And after all of the above, the bull falls dead and is dragged with a horse out of the arena.
On the other hand, admirers of the sport argue that bullfighting is a tradition and a form of art like any other.
Hemingway said, “Bullfighting is the only art in which the artist is in danger of death and in which the degree of brilliance in the performance is left to the fighter’s honor.”
For many Spaniards, bullfighting is not cruel because the breed, Toro de Lidia or Brave Bull, is raised for only one purpose, to fight. In addition, many see the sport as a ritual of Spanish culture that can’t be taken away from the people.
Bullfighting is considered an art. It is a whole industry that involves education, dress, and performance.
The Brave Bull is even the national animal of Spain!
What cities outlawed bullfighting?
As mentioned before, bullfighting in Spain is legal except for some cities or autonomous regions. Bullfighting is legally prohibited in Catalonia and the Balearic Islands.
Catalonia banned bullfighting by matadores in 2011; but in 2016 the Spanish government anulled the ban because they perceived it as unconstitutional, and argued that bullfighting is a cultural asset. Despite the court’s decision, Catalonians no longer practice the tradition like the rest of Spain.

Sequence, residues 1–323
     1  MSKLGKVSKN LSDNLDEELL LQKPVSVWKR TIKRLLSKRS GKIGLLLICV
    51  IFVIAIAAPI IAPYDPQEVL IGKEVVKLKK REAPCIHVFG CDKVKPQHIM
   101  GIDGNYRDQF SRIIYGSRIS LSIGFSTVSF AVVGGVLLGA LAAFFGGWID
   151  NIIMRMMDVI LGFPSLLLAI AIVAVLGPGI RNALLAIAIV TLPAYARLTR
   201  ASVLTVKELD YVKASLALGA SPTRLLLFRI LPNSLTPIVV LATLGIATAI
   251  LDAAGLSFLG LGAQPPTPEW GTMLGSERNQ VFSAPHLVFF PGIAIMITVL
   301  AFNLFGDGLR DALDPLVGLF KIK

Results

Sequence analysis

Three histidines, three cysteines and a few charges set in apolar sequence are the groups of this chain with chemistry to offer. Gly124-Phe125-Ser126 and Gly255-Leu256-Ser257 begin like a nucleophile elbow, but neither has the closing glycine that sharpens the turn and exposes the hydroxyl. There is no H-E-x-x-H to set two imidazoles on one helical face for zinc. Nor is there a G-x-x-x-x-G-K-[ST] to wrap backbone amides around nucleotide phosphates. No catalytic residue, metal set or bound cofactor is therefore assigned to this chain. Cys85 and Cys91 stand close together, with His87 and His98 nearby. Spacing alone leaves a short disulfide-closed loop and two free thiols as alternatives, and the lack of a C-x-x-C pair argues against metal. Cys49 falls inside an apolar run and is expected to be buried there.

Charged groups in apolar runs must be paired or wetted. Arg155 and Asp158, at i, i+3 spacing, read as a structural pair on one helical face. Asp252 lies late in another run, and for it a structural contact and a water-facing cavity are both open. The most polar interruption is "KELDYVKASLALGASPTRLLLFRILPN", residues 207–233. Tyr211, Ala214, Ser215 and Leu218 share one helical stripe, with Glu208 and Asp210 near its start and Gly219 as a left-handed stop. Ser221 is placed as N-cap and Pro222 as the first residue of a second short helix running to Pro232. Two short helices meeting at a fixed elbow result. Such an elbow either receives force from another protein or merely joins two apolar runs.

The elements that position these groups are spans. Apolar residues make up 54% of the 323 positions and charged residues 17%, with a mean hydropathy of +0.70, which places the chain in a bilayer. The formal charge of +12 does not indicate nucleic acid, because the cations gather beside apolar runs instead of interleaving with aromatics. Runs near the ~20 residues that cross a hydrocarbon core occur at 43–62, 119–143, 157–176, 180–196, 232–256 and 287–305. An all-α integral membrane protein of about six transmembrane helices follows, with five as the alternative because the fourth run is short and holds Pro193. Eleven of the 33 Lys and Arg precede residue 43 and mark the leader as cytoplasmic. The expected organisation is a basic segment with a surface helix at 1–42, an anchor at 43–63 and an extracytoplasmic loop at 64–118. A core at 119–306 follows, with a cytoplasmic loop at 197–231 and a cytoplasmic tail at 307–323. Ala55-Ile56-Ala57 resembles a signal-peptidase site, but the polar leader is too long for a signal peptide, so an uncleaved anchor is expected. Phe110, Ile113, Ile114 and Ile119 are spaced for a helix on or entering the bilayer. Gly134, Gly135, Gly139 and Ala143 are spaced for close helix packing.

On the other hand, the parliament in the Balearic Islands banned the action of killing the bull during the bullfight in 2017. Bullfighting is still allowed but with some restrictions.
For instance, the bullfight can only last 10 minutes, instead of 20-30 minutes, and the bull is submitted to medical check-up after the fight.
Are bulls killed in Spanish bullfighting?
According to PETA, approximately 7,000 bulls are killed yearly in Spain due to bullfighting.
Only when the public considers that the bull has given a beautiful display or fight is that they ask to spare or ‘pardon’ the animal’s life. But besides that, the objective of the matador is to weaken the bull until he or she kills it by putting a sword in a coin-size area between the bull’s shoulders.
Many supporters advocate that the bull receives a ‘clean’ death, but those who look at this tradition objectively know that the previous statement isn’t true.
The corrida or bullfighting has different stages, which means the bull is attacked and confused for a considerable period before being killed by the matador.
The latter implies that the bull goes through an extended period of agony, and if the matador doesn’t hit the ‘sweet spot’ as Hemingway would call it, then the animal gets its lungs perforated and given a slow death.
So, what is your view on bullfighting? Is it art or torture? Going back to the main question of this article, let us remember bullfighting is legal in Spain, with Catalonia and the Balearic Islands as exceptions.
You have also learned about arguments in favor and against bullfighting, the main ones used by the political parties, a bit of history, and the bull’s final destiny
Inigo Navarro is a seasoned travel writer with a deep understanding of Spain's cities, culture, people and language. Born and raised in Spain, he has spent years exploring the country and is currently one of the most-read Travel Bloggers about Spain. Inigo is also an experienced digital marketer, a father to 4 beautiful children and a huge Real Madrid Fan. ¡Hala Madrid!